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MOSCOW, June 9 (Itar-Tass) — The new edition of the Russian law on rallies comes into force from Saturday, as soon as it is published in the Rossiiskaya Gazeta official government daily. The law was finally signed by President Vladimir Putin on Friday, after a two-week pause. It means that the new rules will be applicable already to participants in the next opposition March of Millions planned for June 12, the Russia Day. The opposition however wants to challenge the amended law in the Russian Constitutional Court and in the European Court of Human Rights.
Putin said he had signed the law at a consultation dedicated to issues of improving the Russian court system on Friday, the Kommersant newspaper writes. Raising the issue, the president warned that he had already spoken with chairman of the human rights council Mikhail Fedotov, who had expressed “certain concern of non-government organizations about this law.” But after comparing the Russian law with such laws in other European countries, such as Germany, Italy, Spain, Great Britain, and France, the president arrived at the conclusion that the Russian law “has not a single provision that might be considered as more harsh.” At the same time, he called to analyze the law and its application in order to “tune it” in case the lawmakers had “missed anything.”
Under the amended law, fines for rally violations will be 300,000 roubles for individuals and one million roubles for legal entities, the newspaper reminds. Russia’s regions are allowed to appoint venues for rallies and extend the list of places where it is banned to stage rallies. No participant in a rally may hide his or her face. Organizers of “mass public actions in public places )such as the OccupyAbai opposition camp and Test Walkabouts in Moscow) will be punished even if such rally may “hinder pedestrians.”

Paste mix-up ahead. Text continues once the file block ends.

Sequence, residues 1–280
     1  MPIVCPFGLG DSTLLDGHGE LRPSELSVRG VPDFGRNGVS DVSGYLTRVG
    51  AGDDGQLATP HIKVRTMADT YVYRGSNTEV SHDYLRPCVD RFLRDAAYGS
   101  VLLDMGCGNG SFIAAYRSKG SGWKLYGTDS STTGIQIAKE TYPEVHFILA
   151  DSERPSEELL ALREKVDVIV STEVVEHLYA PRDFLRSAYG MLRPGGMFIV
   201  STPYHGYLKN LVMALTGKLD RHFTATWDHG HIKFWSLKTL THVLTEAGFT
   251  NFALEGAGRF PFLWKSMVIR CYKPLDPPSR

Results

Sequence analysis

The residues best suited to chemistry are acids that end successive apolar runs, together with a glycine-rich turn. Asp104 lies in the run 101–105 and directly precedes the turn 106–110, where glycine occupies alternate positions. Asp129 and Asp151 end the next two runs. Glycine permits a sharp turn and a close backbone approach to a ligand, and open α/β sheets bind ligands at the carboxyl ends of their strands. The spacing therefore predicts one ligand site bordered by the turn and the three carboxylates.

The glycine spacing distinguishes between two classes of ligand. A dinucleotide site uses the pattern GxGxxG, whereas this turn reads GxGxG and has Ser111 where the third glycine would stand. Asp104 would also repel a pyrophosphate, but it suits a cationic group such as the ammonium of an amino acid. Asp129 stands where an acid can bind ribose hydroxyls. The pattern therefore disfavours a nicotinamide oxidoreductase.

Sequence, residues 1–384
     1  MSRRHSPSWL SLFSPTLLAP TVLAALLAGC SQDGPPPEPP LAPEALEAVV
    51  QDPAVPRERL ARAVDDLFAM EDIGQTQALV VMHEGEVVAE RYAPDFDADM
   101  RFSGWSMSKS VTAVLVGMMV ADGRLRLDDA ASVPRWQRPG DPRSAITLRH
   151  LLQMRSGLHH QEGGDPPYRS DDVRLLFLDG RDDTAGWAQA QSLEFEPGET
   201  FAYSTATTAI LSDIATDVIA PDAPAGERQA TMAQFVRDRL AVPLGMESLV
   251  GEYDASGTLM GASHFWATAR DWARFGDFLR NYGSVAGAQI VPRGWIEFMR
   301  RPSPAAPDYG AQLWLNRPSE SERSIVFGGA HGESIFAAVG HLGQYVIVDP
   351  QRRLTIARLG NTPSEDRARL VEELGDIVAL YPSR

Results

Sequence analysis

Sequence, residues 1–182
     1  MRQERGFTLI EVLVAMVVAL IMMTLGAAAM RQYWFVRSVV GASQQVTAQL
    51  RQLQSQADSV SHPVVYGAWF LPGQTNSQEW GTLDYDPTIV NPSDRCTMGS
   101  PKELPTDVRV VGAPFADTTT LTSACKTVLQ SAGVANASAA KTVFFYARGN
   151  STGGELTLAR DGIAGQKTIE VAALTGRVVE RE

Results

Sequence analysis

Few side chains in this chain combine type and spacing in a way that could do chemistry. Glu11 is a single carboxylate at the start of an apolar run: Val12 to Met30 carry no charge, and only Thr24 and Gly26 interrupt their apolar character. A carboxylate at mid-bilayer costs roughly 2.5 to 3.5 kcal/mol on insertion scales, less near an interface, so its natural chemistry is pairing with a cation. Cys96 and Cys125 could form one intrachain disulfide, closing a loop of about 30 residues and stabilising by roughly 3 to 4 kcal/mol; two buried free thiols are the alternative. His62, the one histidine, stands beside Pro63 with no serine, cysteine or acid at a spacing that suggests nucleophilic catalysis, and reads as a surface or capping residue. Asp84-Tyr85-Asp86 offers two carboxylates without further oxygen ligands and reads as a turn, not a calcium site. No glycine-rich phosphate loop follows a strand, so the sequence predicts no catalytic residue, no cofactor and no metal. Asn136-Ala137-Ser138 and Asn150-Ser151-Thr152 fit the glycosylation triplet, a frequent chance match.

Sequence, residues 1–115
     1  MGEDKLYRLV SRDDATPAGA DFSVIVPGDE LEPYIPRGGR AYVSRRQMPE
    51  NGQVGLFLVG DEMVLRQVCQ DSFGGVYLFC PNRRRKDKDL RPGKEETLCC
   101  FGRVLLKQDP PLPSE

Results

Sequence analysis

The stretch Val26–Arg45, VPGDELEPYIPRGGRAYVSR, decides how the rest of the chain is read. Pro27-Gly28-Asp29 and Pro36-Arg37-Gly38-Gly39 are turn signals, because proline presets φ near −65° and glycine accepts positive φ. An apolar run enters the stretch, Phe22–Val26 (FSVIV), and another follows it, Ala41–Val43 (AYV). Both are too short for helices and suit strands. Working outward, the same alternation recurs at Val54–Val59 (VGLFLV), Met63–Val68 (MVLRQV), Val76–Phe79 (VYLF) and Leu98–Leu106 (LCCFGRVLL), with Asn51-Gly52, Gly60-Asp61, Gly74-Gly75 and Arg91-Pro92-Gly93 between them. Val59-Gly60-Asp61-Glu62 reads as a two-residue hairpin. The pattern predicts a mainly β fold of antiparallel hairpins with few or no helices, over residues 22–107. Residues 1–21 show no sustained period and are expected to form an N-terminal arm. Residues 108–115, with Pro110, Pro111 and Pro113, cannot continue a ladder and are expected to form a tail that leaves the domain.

President of the Efficient Policy Foundation Gleb Pavlovsky describes the law as “a big mistake of the president.” “The paradox of the situation is that the law was drafted as a kind of preventive measure ahead of the June 12 rally, which may not be the most impressive of all such rallies. And as a result of this law may kill a possibility of a dialogue between public forces and the authorities for a long time,” the newspaper cites him as saying.
“We are taking the toughest provisions of European laws and insert them into our political context, into laws that are to be enforced in Russia, not in, say, France, which has strong mass media and strong civil society, said political scientist Alexei Makarkin.
“I blame myself for failing to bring my own point of view on the already adopted law home to the president. I must have done my best to try to persuade the president that this law, to put it mildly, is not perfect,” chairman of the human rights council Mikhail Fedotov told the Kommersant.
The opposition however said it would challenge this law. The Communist party, the only one from among the parliamentary opposition, has already announced its plans to challenge the law. According to Vadim Solovyev, a lawmaker and secretary of the Communist party’s central committee, the party will file an appeal to the Constitutional Court within two months.
The Kremlin officials and leaders of the ruling United Russia party made no secret of their plans to have the bill passed into law before June 12, the day when the opposition plans to stage another big protest action, the Vedomosti newspaper writes. A party member close to the Kremlin administration put it straight: the law is called to have moderate opposition break away from radicals, the so-called “professional revolutionaries.” Big fines are meant to damp down the enthusiasm of the former, which may help crack down on the latter.
Experts however, including Russia’s human rights commissioner Vladimir Lukin, believe that the new law would only escalate tensions in society, the newspaper writes. Thus, Lukin warns of a possible new wave of unauthorized rallies and protest actions, which would only aggravate the situation.
Big fines will not avert even moderate opposition, this stage has already been passed, said lawmaker Ilya Ponomaryov, a participant in civil protest actions in May. Peope are not afraid, they are irritated, he said and predicted a growing number of protesters.